How easy is it for you to remember the four digits 9, 1, 0 and 2? If I asked you again after one day, would you be able to recollect them?
Now what if you rearranged those digits as ‘2019’. Would you find it easier to remember now?
What I just demonstrated here is a trick that lies at the heart of the methods that international memory champions use. Neuroscientists called it chunking.
Our working memory can hold a limited number of items at any given point – about 4 to 7. That is why it is hard to memorize a mobile number, since that number has more than 7 digits.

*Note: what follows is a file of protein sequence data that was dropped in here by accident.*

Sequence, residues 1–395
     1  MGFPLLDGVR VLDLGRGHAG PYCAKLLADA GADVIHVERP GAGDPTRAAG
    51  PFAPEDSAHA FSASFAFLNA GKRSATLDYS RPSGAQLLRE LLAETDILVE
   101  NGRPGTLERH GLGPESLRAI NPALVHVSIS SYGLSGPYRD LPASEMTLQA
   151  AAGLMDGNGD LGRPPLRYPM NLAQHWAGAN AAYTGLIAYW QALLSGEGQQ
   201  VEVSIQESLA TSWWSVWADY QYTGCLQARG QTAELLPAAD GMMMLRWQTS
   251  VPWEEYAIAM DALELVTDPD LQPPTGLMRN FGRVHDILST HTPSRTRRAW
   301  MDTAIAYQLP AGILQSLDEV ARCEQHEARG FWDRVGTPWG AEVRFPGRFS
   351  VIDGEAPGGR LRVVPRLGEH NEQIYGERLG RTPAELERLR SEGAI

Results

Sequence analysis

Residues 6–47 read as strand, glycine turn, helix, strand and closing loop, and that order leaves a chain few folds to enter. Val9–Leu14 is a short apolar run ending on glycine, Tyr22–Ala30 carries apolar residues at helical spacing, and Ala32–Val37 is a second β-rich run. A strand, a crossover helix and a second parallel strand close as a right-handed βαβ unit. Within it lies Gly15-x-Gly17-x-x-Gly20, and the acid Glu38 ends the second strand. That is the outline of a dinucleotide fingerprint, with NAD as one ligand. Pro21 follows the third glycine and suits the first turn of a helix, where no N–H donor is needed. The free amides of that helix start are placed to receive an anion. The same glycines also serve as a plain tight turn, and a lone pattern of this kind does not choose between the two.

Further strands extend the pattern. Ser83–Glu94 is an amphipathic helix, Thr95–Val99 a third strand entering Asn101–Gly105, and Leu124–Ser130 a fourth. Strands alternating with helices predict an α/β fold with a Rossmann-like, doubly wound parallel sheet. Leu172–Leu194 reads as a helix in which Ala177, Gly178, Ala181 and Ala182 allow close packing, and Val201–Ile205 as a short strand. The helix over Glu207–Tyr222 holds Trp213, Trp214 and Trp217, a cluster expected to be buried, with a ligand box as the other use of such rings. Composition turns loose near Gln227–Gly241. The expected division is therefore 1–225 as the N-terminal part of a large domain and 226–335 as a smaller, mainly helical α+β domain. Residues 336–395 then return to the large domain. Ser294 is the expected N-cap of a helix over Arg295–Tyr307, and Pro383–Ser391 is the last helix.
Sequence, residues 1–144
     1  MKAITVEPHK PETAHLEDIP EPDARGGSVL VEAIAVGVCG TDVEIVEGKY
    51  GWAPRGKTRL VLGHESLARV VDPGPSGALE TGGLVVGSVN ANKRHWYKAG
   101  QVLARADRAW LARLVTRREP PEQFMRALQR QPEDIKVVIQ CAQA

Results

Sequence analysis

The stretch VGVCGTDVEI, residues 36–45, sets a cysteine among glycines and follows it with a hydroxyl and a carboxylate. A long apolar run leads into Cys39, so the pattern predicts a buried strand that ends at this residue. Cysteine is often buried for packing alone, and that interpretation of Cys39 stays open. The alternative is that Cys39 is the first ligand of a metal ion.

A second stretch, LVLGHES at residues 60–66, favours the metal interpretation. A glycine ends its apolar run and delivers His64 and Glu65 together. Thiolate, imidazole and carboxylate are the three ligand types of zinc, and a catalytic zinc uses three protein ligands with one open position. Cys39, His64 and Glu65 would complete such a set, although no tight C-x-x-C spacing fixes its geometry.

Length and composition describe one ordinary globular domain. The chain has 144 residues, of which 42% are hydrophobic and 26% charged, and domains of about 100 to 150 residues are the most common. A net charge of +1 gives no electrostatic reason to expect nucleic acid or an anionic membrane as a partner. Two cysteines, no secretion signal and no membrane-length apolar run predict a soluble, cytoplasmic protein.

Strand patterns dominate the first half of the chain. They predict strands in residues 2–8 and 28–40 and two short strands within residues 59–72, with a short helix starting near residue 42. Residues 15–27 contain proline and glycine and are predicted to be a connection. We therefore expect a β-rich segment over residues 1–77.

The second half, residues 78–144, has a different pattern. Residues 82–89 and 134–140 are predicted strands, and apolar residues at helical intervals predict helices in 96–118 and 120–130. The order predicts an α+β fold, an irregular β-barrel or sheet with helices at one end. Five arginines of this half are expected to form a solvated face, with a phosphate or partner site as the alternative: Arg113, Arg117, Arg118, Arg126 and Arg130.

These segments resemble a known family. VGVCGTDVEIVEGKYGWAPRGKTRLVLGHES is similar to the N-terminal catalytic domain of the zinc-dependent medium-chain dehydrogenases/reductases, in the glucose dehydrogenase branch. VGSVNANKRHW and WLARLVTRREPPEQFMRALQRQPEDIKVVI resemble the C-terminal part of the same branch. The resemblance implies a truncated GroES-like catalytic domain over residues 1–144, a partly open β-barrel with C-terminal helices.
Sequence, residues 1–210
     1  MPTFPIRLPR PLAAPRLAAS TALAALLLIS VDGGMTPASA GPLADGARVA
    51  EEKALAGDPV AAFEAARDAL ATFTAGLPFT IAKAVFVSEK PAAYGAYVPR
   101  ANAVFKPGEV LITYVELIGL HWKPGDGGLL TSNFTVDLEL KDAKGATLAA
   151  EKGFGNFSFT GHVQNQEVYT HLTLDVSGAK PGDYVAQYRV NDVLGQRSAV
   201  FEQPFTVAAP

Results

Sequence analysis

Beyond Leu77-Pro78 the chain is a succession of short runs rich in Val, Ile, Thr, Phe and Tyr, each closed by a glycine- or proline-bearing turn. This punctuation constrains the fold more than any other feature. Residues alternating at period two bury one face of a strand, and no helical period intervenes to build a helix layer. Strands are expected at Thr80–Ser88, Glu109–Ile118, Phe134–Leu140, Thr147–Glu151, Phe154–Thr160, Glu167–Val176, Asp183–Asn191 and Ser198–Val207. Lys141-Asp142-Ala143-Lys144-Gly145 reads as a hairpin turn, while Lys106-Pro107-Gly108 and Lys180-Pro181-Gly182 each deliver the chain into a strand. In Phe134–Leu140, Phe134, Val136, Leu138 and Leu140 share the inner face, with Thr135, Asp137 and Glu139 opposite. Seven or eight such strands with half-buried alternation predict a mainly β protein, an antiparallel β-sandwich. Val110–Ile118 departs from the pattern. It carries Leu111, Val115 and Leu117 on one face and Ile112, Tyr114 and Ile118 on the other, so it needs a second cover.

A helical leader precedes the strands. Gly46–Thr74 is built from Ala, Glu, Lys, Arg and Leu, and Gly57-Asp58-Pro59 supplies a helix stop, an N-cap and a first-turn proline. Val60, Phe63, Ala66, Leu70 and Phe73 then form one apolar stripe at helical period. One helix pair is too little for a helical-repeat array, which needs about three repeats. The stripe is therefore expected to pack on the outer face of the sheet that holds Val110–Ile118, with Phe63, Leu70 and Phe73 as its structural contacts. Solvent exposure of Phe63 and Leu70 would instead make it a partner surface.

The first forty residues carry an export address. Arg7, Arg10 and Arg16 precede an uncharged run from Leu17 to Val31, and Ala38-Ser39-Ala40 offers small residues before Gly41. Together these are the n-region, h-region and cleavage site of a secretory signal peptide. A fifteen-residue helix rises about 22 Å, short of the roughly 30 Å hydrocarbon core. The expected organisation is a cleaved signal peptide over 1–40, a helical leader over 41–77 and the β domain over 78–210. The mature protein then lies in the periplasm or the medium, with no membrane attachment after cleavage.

However, there is a loophole that we can exploit. What I refer to as ‘items’ is flexible. If I stated the 4 digits 9-1-0-2 without any correlation, they would occupy one slot each in working memory. If I grouped them together into something that ‘makes sense’, like a recent year, they can be compressed into one single slot in working memory. This compression trick is called chunking – to create meaningful chunks out of random bits of information.
Chunking lies at the heart of learning. Our brains can chunk telephone numbers, chord progressions in a song, patterns on a chessboard or programming constructs that we have seen before. Every word you read is actually random letters of the English alphabet that your brain has seamlessly chunked together.
To memorize anything, make sense of it. Once it makes sense, it is easier to remember. If it doesn’t make sense, what’s the point of remembering it anyway?
Inspiration: The Science of Thinking